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Bipartisan bill for electric vehicles is a win-win

Chevy VoltBack in 2011, Fresh Energy conducted an intensive, six-month deep dive into the issue of plug-in electric vehicles (EV). With the help of several local and national experts, we studied a full range of EV-related issues and policy implications. But we also wanted to address one main question: should Minnesota embrace plug in vehicles?

The answer? A resounding yes.

EFFICIENCY AND HEALTH

On average, plug-in electric vehicles are three times more fuel efficient than conventional passenger vehicles. This is reflected in the miles per gallon equivalent (MPGe) rating for electric cars. For example, according to the U.S. Department of Energy, the 2014 Ford Focus Electric gets 105 MPGe in combined city and highway driving, while the 2014 Nissan Leaf gets 114 MPGe.

These are eye-popping fuel economy numbers, but the benefits of EVs don’t end there. Because they fuel up on electricity, EVs don’t consume oil or emit ground-level exhaust—an important health benefit. In fact, when EVs are charged with renewable energy they don’t generate any emissions, period.

“There is a strong link between outdoor air pollution and increased asthma episodes and other respiratory conditions,” said Robert Moffitt, a spokesperson for the American Lung Association in Minnesota. “Air pollution can be harmful to everyone, but it is especially bad for children, the elderly and those with existing lung conditions. Reducing tailpipe emissions is vital to protecting our air and our health.”

And EV sales are quickly growing—in part due to high levels of customer satisfaction and word of mouth. Nationally, there are more than 180,000 EVs already on the road. Minnesota ranks among the top 10 states in per-capita EV adoption, despite our cold weather and large rural population. One local Minnesota plug-in vehicle owners’ circle estimates that its members have driven over two million miles on electricity. (That translates to over 660,000 kilowatt-hours driven.)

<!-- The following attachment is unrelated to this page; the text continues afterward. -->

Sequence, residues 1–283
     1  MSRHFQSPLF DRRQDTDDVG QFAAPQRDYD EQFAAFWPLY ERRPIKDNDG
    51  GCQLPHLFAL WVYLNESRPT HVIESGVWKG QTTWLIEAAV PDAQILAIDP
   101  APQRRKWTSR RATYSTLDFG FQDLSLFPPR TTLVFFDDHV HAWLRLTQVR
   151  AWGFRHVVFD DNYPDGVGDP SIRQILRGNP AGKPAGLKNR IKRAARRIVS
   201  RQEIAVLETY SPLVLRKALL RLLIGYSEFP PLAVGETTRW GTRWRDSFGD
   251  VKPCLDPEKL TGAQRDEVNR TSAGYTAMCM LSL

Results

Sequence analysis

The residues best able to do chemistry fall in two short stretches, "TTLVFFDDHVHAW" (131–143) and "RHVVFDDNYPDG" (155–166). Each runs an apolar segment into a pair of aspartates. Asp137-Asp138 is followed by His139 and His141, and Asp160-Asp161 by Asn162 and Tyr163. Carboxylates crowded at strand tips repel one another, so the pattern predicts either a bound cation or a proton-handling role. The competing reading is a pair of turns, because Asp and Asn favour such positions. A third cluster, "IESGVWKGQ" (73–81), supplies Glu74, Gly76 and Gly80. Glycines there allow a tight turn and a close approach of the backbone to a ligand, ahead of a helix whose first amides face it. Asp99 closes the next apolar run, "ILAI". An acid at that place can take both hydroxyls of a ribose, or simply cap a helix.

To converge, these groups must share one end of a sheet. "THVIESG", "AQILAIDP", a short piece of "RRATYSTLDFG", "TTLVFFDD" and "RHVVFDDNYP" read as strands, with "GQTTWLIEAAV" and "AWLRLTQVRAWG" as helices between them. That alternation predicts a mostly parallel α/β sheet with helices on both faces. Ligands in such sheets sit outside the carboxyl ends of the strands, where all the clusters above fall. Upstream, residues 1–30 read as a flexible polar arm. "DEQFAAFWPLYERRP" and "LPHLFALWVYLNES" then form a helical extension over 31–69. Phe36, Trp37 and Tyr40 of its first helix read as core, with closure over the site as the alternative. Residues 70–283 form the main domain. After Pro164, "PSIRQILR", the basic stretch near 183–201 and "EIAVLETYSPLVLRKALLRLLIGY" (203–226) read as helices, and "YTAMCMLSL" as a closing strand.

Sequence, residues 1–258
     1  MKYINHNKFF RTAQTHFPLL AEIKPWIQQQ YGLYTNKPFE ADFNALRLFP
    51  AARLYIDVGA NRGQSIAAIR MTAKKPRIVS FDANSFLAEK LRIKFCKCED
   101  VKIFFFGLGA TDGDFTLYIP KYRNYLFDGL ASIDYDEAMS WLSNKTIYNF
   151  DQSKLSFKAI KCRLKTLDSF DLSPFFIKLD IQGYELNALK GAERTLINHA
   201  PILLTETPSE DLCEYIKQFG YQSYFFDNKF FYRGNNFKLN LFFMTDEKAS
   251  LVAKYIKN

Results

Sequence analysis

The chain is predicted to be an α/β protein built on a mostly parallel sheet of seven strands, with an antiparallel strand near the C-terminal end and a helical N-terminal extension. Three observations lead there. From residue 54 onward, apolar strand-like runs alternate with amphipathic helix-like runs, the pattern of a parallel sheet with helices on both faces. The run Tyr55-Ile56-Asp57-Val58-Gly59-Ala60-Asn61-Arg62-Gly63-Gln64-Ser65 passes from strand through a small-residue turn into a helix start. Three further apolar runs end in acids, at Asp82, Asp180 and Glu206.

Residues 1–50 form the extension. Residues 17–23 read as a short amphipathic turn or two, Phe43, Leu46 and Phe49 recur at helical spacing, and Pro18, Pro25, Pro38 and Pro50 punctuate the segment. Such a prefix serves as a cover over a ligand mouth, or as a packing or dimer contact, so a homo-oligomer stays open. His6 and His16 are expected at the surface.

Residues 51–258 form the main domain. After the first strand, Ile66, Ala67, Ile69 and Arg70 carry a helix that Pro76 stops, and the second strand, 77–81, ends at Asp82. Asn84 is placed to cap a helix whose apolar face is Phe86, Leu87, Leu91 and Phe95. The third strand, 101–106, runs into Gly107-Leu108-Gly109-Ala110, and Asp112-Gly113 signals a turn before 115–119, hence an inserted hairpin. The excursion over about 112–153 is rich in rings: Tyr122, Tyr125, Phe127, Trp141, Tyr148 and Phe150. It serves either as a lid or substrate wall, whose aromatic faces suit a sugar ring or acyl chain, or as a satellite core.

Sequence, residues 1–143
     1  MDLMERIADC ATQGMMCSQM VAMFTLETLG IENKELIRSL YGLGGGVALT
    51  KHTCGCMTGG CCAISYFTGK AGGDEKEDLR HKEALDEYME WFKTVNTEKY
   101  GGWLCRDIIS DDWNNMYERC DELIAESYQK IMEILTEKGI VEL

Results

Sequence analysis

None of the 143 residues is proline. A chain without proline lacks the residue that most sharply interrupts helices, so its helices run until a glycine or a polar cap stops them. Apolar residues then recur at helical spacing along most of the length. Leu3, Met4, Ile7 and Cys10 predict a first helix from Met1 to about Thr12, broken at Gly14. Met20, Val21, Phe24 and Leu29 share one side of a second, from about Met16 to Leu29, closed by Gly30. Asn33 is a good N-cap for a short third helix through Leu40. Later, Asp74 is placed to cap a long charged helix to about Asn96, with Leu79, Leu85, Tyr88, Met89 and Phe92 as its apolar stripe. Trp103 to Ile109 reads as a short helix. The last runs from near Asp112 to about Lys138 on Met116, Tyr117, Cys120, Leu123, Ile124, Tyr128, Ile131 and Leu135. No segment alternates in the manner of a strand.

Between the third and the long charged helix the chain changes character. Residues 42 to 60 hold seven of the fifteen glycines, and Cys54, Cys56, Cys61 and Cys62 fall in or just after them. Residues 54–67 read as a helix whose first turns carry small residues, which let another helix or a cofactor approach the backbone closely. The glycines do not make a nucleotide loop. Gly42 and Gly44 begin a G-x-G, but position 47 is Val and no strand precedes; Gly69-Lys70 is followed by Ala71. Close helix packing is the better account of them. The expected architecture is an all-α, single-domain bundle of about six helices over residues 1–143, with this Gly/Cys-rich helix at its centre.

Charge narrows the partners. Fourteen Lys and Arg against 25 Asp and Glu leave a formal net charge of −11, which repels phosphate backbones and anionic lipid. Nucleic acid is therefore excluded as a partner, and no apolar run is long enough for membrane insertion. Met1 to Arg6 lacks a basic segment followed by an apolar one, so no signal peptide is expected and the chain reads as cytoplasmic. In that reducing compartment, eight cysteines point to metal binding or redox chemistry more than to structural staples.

TAILORED UTILITY RATES

Here in Minnesota, electric utilities are helping to support the trend toward EV adoption. For example, Connexus Energy and Dakota Electric Association (distribution cooperatives that serve the north and southeast Twin Cities metro area, respectively) have developed innovative EV-specific rates. By allowing EV drivers to charge their cars at reduced off-peak rates, these utilities encourage charging at a time of day that imposes the least cost on other ratepayers—usually at night.

As electric vehicles continue to gain popularity, it’s increasingly important that all utilities begin preparing to accommodate and enable the transition toward electric vehicles.

AT THE CAPITOL

Fresh Energy is advancing a bill this legislative session that will improve residential EV charging for Minnesotans statewide and provide benefits to all ratepayers. The bill, HF 2884,

  1. provides Minnesota residents a convenient and attractive way to charge their electric cars at home and see the savings on their utility bills,
  2. sets utility price signals that encourage the adoption of EV charging habits that reduce utility and ratepayer costs, and
  3. removes regulatory uncertainty, along with barriers that currently discourage utilities from becoming champions for EV adoption.

Check back often to follow the bill’s progress along with other practical ideas on Fresh Energy’s 2014 legislative agenda.

Photo: Chevrolet

Back in 2011, Fresh Energy conducted an intensive, six-month deep dive into the issue of plug-in electric vehicles. With the help of several local and national experts, we studied a full range of EV-related issues and policy implications. But we also wanted to address one main question: should Minnesota embrace plug in vehicles? The answer is a resounding yes.

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